by ja on 10/24/2008 12:45:10 PM
In fantasy sports, the idea is to win a championship. Getting to the playoffs is the first step and a good draft gets you more mileage than anything else towards that end. However, winning the fantasy playoffs may come down to your ability to plan ahead even more so than your ability to spot talent.
There are several factors that should be taken into account as the playoffs approach. A few of them are listed in this article.
1) We will start with the obvious. Review your team. Do you have any "sleepers" that just have not performed as well as you had hoped they might? Do not carry sleepers into the playoffs unless there are extenuating circumstances - replace the player with an average player rather than take a chance on getting nothing. A circumstance I might keep an underperforming sleeper on my team is if the player is on a professional team that will be "investing time in their younger players" due to the professional team's own inability to make the playoffs.
2) Is your league a "keeper" league or maybe a long-term contract league? If yes, then you can probably trade some of your pretty good players who are eligible to be kept for next year. Maybe even one of those up and coming sleepers would be a good candidate. Why would you do that? Well, you want to trade them for players that are GREAT TODAY to give you an edge. You can trade with a team that will not make the playoffs this year and who is not going to be able to keep their great player anyway. It's is a win / win. They rebuild for the future and you increase your chances of winning it all this year.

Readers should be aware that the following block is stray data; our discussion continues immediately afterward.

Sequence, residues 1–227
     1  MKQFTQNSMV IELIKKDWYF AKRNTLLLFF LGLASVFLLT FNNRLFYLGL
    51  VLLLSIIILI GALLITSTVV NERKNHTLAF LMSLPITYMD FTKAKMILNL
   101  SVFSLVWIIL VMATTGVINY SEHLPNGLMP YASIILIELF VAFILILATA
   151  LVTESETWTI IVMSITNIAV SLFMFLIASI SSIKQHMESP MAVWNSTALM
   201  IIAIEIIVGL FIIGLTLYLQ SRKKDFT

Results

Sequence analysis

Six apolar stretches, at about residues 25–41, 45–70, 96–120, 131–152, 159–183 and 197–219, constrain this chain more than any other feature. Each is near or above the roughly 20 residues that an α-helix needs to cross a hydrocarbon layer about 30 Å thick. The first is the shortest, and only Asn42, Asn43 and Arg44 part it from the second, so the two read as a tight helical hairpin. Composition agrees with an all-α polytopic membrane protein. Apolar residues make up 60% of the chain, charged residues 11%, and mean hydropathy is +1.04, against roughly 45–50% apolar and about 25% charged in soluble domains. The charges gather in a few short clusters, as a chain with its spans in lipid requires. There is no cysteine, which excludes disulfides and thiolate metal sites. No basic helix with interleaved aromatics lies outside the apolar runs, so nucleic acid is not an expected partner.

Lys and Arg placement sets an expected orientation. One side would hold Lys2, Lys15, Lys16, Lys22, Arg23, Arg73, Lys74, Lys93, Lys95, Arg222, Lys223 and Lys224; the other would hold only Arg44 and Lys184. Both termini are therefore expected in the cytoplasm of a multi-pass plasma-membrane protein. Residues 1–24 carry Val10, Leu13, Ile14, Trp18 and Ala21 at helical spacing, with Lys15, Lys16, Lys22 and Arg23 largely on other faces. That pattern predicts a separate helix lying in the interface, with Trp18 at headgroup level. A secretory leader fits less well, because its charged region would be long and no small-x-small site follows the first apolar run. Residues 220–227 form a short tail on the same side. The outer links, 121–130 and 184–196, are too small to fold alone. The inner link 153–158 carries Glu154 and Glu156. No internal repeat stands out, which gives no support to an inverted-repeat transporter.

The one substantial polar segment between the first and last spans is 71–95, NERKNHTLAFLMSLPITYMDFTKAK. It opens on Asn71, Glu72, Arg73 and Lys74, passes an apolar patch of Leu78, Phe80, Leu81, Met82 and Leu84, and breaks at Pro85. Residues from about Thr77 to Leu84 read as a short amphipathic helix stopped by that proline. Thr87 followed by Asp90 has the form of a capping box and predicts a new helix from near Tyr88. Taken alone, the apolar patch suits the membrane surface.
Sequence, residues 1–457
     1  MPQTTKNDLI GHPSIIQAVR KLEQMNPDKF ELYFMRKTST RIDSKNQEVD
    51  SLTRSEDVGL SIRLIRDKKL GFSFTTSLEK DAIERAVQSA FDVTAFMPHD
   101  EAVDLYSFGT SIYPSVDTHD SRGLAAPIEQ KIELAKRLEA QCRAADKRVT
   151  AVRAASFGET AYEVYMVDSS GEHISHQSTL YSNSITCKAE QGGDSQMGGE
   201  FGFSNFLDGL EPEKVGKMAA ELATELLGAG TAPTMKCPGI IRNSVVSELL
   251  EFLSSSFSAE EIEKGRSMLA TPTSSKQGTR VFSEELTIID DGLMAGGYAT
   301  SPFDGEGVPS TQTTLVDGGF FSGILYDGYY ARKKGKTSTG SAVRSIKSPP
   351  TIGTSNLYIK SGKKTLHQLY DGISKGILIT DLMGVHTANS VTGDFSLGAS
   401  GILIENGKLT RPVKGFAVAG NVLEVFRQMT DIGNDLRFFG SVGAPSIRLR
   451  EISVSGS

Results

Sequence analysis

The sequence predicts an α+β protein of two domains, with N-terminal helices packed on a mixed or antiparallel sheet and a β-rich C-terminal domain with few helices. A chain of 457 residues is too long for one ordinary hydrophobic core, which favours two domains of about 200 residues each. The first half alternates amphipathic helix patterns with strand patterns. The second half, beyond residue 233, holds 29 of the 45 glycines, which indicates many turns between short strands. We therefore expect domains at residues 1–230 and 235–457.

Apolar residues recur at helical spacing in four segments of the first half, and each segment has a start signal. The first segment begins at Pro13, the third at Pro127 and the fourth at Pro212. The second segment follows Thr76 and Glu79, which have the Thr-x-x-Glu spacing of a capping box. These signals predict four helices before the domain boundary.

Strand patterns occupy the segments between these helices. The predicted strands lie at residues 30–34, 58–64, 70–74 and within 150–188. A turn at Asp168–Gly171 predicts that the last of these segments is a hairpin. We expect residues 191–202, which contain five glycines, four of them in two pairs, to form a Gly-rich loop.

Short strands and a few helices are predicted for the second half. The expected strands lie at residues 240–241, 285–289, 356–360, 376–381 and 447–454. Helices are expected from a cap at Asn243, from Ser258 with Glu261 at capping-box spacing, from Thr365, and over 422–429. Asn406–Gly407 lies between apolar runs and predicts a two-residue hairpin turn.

3) If your league is not a "keeper" or long-term contract league then you can still try trading up. Sometimes a team has too many players at one position or too many players on the same team. You might be able to work a win / win trade in that situation as well. They might take a lesser, but still good player, in order to spread out their players across more professional teams.
4) How does the schedule look for your players during the fantasy playoffs? This one is a little more basketball related than football. Knowing how many games each player plays during a given week can give you an idea about whether you would be better served to exchange some players. As a rule, if two players are close to providing the same fantasy value per game, then you want the one that plays the most games - no matter the difference in game number. For example, you might have a player that averages 10 fantpts (Player A) per game and will play 11 total games in the playoffs. There might be a player that can be picked up off of waivers who averages only 9 fantpts (Player B), but will play 14 games. All else being equal Player A will contribute 110 fantpts while Player B will contribute 126 fantpts. The difference they could give you will actually probably be larger because Player B will have more opportunities to fill a gap for you than Player A. There are websites that have tables already created with this type of fantasy sports game schedule density information
Hint: 14 games is the most played for any NBA team over the last 3 fantasy weeks of the current 2008-2009 season. Which teams play 14 games? Philadelphia is the only team that does so. 10 games is the least played during that same time period. That honor goes to the Houston Rockets.
Winning the regular season in fantasy sports is often all about the draft and early free agency. Winning the playoffs typically takes a little more craft. Follow the above simple guidelines and you will be well prepared for the playoffs when the time comes.
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